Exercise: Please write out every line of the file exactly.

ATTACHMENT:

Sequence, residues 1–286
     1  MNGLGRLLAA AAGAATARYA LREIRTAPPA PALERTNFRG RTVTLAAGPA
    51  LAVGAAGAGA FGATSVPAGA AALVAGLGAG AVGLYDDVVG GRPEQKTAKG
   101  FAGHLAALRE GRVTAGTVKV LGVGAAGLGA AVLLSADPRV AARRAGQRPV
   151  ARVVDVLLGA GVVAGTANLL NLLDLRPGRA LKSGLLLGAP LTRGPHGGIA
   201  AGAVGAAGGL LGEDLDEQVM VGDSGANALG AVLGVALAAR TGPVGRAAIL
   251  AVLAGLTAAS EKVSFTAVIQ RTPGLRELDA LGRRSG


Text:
Sequence, residues 1–286
     1  MNGLGRLLAA AAGAATARYA LREIRTAPPA PALERTNFRG RTVTLAAGPA
    51  LAVGAAGAGA FGATSVPAGA AALVAGLGAG AVGLYDDVVG GRPEQKTAKG
   101  FAGHLAALRE GRVTAGTVKV LGVGAAGLGA AVLLSADPRV AARRAGQRPV
   151  ARVVDVLLGA GVVAGTANLL NLLDLRPGRA LKSGLLLGAP LTRGPHGGIA
   201  AGAVGAAGGL LGEDLDEQVM VGDSGANALG AVLGVALAAR TGPVGRAAIL
   251  AVLAGLTAAS EKVSFTAVIQ RTPGLRELDA LGRRSG